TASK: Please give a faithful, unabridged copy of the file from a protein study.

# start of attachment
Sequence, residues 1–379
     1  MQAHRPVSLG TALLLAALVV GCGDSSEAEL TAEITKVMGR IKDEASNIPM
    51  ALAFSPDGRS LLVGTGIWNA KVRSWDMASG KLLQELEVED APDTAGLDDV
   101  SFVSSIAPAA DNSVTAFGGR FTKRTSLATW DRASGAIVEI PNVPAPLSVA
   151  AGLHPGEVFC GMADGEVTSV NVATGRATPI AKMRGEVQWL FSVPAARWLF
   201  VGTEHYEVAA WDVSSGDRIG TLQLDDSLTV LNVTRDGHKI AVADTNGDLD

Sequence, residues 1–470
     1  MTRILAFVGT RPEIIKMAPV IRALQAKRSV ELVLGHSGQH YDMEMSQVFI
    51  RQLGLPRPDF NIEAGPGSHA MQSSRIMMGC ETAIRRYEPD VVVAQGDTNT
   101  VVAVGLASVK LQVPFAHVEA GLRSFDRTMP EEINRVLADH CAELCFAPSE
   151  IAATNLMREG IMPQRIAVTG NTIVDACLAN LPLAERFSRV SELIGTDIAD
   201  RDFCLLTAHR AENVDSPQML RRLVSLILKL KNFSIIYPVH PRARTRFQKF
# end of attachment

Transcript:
Sequence, residues 1–379
     1  MQAHRPVSLG TALLLAALVV GCGDSSEAEL TAEITKVMGR IKDEASNIPM
    51  ALAFSPDGRS LLVGTGIWNA KVRSWDMASG KLLQELEVED APDTAGLDDV
   101  SFVSSIAPAA DNSVTAFGGR FTKRTSLATW DRASGAIVEI PNVPAPLSVA
   151  AGLHPGEVFC GMADGEVTSV NVATGRATPI AKMRGEVQWL FSVPAARWLF
   201  VGTEHYEVAA WDVSSGDRIG TLQLDDSLTV LNVTRDGHKI AVADTNGDLD

Sequence, residues 1–470
     1  MTRILAFVGT RPEIIKMAPV IRALQAKRSV ELVLGHSGQH YDMEMSQVFI
    51  RQLGLPRPDF NIEAGPGSHA MQSSRIMMGC ETAIRRYEPD VVVAQGDTNT
   101  VVAVGLASVK LQVPFAHVEA GLRSFDRTMP EEINRVLADH CAELCFAPSE
   151  IAATNLMREG IMPQRIAVTG NTIVDACLAN LPLAERFSRV SELIGTDIAD
   201  RDFCLLTAHR AENVDSPQML RRLVSLILKL KNFSIIYPVH PRARTRFQKF